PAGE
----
Getting to the root of it

Much like an iceberg, the visible area of our pet’s teeth (or crown) is only the tip! At least 50% of the pet’s tooth is hidden below the gum line.

Dental disease usually begins with a build-up on the teeth which hardens to form plaque. This plaque then leads to inflamed gums – called gingivitis – which progresses to erosion of the gums and pocketing, where plaque migrates below the gum line, causing advanced dental issues such as tooth loss, painful abscesses and general infection. These can lead to a decline in your pet’s health and wellbeing. In severe cases, these harmful oral bacteria can spread throughout the body and cause issues with the animal’s heart.

A staggering 80% of pets will suffer from some form of dental disease before the age of five. Early indicators are bad breath, trouble chewing biscuits or treats, visible tartar and sore or inflamed gums.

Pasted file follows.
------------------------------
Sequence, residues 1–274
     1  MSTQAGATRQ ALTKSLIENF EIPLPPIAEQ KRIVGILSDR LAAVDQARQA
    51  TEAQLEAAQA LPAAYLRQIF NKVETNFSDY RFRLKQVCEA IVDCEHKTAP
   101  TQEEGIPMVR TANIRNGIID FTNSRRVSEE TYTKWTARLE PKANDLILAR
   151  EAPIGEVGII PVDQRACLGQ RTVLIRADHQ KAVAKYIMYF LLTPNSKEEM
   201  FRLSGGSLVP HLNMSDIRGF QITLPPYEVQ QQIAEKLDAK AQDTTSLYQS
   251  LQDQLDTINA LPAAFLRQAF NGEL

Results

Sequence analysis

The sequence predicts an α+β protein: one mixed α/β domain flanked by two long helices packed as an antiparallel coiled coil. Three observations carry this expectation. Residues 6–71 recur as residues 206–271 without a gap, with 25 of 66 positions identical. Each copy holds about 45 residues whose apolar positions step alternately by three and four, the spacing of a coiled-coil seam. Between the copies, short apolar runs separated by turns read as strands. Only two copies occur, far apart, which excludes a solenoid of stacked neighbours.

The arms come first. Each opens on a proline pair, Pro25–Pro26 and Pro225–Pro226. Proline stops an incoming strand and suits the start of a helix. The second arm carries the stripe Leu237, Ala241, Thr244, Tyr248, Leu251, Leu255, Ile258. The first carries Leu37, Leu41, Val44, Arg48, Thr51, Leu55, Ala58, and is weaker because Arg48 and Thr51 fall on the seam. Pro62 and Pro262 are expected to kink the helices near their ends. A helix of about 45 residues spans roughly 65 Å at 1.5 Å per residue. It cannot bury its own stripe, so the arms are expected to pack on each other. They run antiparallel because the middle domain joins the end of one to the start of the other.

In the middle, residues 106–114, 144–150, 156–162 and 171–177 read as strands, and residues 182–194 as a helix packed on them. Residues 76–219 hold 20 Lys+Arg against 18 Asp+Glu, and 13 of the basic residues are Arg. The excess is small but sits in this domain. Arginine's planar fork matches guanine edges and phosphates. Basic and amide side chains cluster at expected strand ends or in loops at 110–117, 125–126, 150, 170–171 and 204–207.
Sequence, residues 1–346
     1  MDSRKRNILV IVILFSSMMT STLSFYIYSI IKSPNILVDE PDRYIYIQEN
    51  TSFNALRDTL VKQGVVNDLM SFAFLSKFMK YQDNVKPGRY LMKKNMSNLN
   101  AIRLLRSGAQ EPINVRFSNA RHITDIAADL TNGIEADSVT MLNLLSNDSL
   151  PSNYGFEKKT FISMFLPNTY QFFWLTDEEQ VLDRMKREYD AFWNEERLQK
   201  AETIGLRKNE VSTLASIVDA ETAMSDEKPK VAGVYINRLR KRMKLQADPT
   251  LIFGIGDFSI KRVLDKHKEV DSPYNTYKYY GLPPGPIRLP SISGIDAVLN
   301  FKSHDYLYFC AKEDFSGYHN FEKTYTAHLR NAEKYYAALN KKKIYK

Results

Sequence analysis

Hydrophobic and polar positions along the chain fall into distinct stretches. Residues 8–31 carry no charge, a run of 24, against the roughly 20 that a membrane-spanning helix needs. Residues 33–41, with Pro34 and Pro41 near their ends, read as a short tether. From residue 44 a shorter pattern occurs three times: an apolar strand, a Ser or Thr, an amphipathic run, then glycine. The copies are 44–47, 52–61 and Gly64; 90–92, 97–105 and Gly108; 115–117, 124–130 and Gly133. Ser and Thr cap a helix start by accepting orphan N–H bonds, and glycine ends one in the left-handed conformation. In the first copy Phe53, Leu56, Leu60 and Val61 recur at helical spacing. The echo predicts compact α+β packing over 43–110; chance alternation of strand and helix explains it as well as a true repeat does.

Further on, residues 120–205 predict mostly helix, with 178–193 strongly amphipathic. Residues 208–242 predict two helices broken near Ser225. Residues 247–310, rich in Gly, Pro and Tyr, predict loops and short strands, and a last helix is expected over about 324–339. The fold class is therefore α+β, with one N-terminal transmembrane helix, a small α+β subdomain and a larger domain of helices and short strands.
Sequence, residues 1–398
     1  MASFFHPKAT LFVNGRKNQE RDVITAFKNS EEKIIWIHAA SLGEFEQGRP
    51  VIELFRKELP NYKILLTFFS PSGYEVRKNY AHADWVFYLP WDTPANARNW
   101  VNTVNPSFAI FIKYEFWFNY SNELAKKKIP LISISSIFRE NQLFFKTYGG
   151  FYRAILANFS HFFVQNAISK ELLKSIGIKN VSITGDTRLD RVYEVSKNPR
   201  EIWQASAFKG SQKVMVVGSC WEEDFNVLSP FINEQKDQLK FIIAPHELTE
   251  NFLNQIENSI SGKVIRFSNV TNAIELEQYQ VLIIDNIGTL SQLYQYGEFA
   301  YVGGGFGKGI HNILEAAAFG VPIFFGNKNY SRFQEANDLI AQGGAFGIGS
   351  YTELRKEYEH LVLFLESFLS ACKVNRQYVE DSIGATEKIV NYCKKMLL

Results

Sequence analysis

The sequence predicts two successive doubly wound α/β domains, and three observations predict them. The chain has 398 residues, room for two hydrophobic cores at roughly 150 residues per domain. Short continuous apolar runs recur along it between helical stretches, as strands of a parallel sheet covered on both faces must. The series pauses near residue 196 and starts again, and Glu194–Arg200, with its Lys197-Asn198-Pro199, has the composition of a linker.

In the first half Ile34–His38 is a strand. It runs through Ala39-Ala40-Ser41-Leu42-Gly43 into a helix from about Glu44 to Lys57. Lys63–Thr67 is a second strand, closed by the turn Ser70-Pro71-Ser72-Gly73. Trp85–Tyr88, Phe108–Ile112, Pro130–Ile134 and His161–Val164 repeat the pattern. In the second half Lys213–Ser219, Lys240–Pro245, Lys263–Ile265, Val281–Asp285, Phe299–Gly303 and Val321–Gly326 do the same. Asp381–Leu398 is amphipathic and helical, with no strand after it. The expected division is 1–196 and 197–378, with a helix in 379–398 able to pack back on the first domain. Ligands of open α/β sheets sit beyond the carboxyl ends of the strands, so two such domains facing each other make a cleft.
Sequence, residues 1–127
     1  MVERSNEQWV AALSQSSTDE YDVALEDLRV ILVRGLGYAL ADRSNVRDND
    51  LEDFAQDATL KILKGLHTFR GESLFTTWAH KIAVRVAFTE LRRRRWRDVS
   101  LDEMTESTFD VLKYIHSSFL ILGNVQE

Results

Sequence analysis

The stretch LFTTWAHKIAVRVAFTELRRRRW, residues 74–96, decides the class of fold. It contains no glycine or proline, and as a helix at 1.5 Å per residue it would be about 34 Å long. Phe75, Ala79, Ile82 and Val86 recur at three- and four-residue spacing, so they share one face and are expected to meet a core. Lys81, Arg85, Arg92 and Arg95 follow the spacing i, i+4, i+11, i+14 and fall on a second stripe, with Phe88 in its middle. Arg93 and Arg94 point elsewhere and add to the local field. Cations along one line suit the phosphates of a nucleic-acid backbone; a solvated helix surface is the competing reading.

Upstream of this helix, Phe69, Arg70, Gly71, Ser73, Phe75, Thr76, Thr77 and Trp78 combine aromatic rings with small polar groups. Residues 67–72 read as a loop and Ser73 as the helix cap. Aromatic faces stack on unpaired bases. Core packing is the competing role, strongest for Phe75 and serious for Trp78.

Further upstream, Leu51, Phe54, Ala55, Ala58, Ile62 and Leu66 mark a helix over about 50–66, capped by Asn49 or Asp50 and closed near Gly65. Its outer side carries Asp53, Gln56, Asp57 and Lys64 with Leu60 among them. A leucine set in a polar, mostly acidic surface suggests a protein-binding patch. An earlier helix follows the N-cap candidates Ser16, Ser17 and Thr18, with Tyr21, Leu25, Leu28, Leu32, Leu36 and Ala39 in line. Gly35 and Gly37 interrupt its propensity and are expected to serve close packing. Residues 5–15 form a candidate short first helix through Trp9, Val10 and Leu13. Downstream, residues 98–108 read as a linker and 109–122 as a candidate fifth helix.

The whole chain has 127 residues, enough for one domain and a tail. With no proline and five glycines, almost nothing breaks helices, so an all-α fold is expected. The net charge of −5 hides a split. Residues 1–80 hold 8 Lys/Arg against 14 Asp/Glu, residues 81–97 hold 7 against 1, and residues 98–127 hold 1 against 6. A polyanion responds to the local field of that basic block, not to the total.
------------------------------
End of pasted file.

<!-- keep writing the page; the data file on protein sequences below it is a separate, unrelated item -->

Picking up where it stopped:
We can address the visible problems by keeping on top of tooth brushing and providing dental chews. However, seeing below the gum line to visualise the damage caused by advancing plaque and bacteria requires more specialist equipment.

Dental x-ray has been commonplace in human dentistry for many years; however, this is still an emerging technology in veterinary practice. This allows us to visualise below the gum line to see the 50% of the tooth which is normally hidden to us.

Dental x-ray generators allow us to pinpoint diseased teeth and select the most time-appropriate treatment to save pets from unnecessary time under anaesthetic. We can then see which teeth require extraction and which have already started the resorption process and are being absorbed by the body. Dental x-rays can be performed very quickly as part of a routine dental procedure carried out under anaesthetic – ask your veterinary practice if they are trained to offer this service, as our clinicians are, and make sure you stay on top of your pet’s dental health.

Jo Wright DipAVN RVN
Severn Edge Vets

  • Published on 17th December 2018

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